Let’s call her Sailor T. and say she suffers from PTSD as a result of MST, Military Sexual Trauma, which the military defines as rape, sexual assault, and sexual harassment. Sailor T. is a statistic; she’s also my friend, and one of many women I know who have been assaulted while serving in the US military. She’s not one of the women standing next to me in my own boot camp photo, but she might as well be, because there’s likely another victim included there, as well. The statistics are staggering. Sources vary but often maintain that one in three or four women serving will suffer MST. Put another way, “A woman who signs up to protect her country is more likely to be raped by a fellow soldier than killed by enemy fire”- Rep. Jane Harman (D-CA). When such crimes are reported, they rarely go beyond a name or an incident. So the question is, how does Sailor T. live after the Navy documents her stats, logs her testimony, files it alongside the many, many others, and sends her back home?
Sailor T. tells me, “My relationship with my real family has changed. The girl who went into the military was not the girl who came home, and I don’t think my parents and I have ever really been able to come to terms with that.”
The girl that entered boot camp, like many of the women in the picture (I suspect), had been excited about the possibilities. Sailor T. explains, “I felt more gender equality in the military in a lot of ways in that little things like rate or uniform items were the same for both [men and women] in a way I don’t think the civilian world has necessarily caught up to yet.”
Certainly there are growing opportunities for women serving and much like a coed sport, the commonality of shared experiences builds bonds between men and women working together toward a common goal. The armed services teach unit cohesion from the first day of boot camp as hundreds of units spend day after day marching the stifling drill halls before pounding the greasy-hot asphalt only to ingest industrial food within five minutes and hope for 4 consecutive hours of sleep per night for at least two months. And through it all, I recall, the only authorized communication between any recruit was to call one another “Shipmate.”
Sailor T. echoes the sentiment, “I think I bought the whole boot camp dogma hook, line, and sinker. When they said that you got your shipmate’s back, I really believed it was true.”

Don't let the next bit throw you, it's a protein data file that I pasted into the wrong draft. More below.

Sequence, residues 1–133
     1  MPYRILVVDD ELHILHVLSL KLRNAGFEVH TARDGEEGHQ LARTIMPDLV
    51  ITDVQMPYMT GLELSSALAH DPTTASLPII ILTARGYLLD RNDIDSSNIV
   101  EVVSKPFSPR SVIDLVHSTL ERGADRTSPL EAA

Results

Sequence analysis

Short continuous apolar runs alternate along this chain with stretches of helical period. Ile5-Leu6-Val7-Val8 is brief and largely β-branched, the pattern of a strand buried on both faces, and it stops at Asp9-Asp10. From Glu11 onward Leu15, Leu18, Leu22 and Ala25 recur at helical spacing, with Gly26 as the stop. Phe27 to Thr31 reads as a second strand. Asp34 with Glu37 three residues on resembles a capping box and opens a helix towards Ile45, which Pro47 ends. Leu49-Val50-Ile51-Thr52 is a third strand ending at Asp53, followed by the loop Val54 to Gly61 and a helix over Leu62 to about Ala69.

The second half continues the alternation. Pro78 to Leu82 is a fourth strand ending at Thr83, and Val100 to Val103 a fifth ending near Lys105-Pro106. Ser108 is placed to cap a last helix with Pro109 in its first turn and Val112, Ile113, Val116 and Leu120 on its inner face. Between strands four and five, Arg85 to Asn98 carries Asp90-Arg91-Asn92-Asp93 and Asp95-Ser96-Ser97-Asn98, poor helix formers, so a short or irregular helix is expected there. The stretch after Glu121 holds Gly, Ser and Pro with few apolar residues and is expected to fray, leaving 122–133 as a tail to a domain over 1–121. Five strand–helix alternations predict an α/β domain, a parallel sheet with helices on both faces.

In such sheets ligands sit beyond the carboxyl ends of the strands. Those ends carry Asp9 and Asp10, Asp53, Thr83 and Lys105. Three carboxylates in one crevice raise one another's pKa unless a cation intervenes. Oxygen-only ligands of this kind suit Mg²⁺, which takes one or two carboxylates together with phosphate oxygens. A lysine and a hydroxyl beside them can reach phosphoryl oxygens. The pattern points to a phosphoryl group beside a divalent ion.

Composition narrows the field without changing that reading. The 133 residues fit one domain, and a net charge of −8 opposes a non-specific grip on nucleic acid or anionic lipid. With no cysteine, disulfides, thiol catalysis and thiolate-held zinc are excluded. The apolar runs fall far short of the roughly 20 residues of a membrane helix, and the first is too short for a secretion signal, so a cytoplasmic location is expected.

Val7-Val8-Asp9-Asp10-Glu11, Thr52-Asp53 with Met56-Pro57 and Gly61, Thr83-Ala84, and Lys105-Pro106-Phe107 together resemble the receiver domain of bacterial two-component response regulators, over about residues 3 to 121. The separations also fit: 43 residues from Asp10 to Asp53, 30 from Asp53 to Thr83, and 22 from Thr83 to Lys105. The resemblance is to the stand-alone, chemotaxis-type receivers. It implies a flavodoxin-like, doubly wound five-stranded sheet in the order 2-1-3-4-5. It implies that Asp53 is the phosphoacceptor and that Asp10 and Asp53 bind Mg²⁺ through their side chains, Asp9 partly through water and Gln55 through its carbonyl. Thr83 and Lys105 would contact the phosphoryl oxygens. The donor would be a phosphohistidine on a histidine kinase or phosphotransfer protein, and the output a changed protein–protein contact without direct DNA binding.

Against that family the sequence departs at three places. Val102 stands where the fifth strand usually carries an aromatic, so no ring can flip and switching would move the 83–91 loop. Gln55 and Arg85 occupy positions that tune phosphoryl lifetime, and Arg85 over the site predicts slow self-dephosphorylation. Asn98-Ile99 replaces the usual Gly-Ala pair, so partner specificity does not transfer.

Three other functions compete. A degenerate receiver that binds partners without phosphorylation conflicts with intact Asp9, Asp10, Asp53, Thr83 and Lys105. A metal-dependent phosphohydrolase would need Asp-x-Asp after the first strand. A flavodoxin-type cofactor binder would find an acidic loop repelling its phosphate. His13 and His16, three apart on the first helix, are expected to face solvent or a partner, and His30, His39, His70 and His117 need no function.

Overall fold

The military is like another kind of family, built of the concept of what’s happening to one is happening to all, so no one complains, every one does there part, until someone raises a red flag. What is it about a loss that builds cohesion? Are woman considered less valuable than men in the military? After Sailor T. reported her assault, “I was treated like a traitor and interrogated then hazed and made an example of. It didn’t compute with my initial experience. Yet at the same time I was still living and working with these people. I think that the ‘living and working with’ after a trauma is something that not everyone in the civilian world can quite understand.”
Another common misperception is what living with PTSD actually entails. So often it’s reduced to a sound bite or a broad list of psychological traits. But for Sailor T., symptoms of PTSD like hypervigilance and insomnia, “Become part of who you are. It’s like having a cold that goes away but you never quite stop coughing. What is interesting is you can do all the right things like therapy, coping mechanisms, meds, and yet all symptoms don’t necessarily go away. I used to think that meds were an intermediary until my coping skills got better. But I know and practice just about every skill in the book, yet take me off meds and my panic attacks are so debilitating that I can’t ride public transit or walk more that 2 blocks.”
Whereas before, Sailor T. believed she’d protect her country while providing herself a career, PTSD changed her world view: “I don’t believe things are going to turn out ok again. I don’t believe anyone will protect or help me other than me. I distrust authority figures and yet at the same time am still very proud of my military service and am still patriotic.”
Larger than Sailor T.’s individual experience is the vast amount of women just like her, many of whom are unable to share their stories, ever. Perhaps what’s most disconcerting for our country just waking to the MST epidemic is that so many like Sailor T., who likely would still remain voluntarily serving their country, now spend their days trying to make it down the street, the hope of young girls lost, the wisdom and experience of trained service members squandered, now spending their energy trying cross the street, no longer able to search for castles in the sky.
Some websites to learn more about PTSD: